Though the nomenclature might differ for other groups, our basic definition of an Upstander is someone who actively works to do the socially responsible thing in all situations, including bullying situations. Our student leaders at NSCC collaborated with us to identify those qualities of an ideal Upstander. With their lead role, we created the following characteristics for someone who wants to assert: “I am an Upstander”.
I am an Upstander because:
· I talk about who I am and what I believe with others.
· I talk about what I expect from others.
· I talk about what I can and can’t do, what I’m willing to do and what I’m not willing to do.
· I believe that students working together can change the climate of the school.
· I have a vision of where I want to go, and where I’d like my team/school to go.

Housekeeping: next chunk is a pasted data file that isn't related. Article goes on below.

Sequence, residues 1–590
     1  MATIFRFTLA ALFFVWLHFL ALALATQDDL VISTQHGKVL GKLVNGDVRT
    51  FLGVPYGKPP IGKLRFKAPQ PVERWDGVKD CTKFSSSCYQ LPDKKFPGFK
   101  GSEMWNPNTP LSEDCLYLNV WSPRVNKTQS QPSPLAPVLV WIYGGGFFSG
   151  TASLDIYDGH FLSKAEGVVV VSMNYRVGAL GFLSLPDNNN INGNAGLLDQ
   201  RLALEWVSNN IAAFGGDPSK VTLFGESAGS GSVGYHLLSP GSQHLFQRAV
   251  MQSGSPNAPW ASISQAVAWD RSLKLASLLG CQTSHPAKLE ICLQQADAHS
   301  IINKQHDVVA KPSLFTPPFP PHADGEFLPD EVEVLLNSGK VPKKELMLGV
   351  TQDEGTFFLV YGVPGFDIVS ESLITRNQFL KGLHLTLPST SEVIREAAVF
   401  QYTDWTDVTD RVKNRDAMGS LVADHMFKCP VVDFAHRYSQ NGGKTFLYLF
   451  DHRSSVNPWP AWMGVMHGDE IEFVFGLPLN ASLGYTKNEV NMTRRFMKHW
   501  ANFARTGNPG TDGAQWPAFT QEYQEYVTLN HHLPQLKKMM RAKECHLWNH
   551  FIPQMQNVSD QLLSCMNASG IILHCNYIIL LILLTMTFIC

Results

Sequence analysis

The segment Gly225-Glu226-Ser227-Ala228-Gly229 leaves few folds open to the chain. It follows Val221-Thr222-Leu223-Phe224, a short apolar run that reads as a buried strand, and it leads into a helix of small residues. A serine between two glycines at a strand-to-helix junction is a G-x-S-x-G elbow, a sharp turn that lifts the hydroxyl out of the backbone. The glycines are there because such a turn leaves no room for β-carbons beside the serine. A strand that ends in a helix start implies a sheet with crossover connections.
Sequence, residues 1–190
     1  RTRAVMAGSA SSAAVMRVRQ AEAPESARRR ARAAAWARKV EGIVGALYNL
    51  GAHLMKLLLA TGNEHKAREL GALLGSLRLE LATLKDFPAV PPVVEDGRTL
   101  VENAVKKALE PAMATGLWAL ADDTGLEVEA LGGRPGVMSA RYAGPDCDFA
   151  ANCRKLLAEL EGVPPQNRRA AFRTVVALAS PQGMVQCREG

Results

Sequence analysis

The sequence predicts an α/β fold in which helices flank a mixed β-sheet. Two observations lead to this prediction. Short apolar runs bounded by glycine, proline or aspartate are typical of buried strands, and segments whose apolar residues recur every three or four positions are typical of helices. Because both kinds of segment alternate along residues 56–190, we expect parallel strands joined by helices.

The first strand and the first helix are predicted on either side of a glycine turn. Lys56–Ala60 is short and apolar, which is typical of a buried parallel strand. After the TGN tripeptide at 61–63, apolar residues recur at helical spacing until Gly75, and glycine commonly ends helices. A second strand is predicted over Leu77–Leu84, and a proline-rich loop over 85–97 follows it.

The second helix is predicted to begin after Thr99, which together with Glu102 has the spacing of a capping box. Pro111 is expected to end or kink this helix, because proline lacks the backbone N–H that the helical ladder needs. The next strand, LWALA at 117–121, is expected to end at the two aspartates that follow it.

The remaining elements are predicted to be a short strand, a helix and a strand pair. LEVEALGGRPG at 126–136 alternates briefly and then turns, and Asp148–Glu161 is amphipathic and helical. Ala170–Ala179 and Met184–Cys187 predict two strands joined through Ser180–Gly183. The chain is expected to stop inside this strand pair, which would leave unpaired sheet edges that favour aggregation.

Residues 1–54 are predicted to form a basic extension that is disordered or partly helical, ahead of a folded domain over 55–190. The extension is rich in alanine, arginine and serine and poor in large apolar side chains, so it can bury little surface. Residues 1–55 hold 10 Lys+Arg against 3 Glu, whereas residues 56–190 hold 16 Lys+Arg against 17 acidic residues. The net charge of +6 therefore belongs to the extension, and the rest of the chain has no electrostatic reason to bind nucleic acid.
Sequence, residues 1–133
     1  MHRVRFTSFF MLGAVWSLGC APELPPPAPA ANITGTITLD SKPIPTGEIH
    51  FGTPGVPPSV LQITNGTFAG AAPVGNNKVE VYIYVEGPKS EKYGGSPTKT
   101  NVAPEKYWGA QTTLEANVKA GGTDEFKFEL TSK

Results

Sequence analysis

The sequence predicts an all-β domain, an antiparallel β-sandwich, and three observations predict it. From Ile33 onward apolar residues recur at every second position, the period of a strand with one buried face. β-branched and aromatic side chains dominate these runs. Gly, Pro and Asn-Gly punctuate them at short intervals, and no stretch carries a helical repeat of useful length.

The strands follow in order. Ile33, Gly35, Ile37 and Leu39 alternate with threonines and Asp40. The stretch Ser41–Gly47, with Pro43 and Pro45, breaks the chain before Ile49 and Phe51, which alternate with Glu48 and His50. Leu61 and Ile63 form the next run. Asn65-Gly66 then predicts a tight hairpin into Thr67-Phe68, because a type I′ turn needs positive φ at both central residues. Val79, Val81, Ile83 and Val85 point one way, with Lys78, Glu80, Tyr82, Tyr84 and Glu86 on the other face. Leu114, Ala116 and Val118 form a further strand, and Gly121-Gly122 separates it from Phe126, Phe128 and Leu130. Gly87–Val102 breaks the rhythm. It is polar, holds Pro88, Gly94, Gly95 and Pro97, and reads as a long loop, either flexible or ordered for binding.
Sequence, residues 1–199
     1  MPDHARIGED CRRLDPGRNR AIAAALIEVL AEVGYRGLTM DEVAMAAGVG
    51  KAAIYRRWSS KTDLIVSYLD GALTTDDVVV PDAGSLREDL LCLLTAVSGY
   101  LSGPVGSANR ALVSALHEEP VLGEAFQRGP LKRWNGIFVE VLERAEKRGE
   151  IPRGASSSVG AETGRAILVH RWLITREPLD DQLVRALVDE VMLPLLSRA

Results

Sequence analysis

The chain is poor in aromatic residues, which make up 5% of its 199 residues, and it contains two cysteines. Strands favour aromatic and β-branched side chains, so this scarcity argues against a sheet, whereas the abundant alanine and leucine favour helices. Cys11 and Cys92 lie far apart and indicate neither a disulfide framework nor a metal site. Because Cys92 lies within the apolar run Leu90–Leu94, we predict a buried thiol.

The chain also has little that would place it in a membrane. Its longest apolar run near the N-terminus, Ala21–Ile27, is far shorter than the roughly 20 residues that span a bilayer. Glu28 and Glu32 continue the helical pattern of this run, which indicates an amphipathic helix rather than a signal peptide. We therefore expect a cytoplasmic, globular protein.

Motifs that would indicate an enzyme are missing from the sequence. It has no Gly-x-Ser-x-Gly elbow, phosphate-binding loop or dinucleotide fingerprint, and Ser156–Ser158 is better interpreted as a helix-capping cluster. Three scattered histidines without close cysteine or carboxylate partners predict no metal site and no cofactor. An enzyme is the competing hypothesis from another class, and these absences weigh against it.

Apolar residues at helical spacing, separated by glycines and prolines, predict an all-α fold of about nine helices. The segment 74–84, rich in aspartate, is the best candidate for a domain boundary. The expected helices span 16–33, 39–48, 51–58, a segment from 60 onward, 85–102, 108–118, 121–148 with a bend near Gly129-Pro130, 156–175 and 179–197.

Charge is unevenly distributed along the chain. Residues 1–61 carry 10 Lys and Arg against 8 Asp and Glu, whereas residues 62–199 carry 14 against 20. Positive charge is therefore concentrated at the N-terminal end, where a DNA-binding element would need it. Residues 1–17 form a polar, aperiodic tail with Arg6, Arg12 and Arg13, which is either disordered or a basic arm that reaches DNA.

· I listen to and learn from others.
· I consider what’s best for others in deciding my actions.
· I know what I need to learn and I find ways to learn it.
· I find out what others need and help them meet their goals.
· I know that there are students who are excluded, lonely and bullied.
· I follow through on my commitments.
· I face problems and conflicts honestly, and use many resources to solve them.
· I have a personal support system.
· I have some responsibility to support and protect my peers.
· I look to others for examples of their leadership.
· I openly appreciate those who help, guide & support me.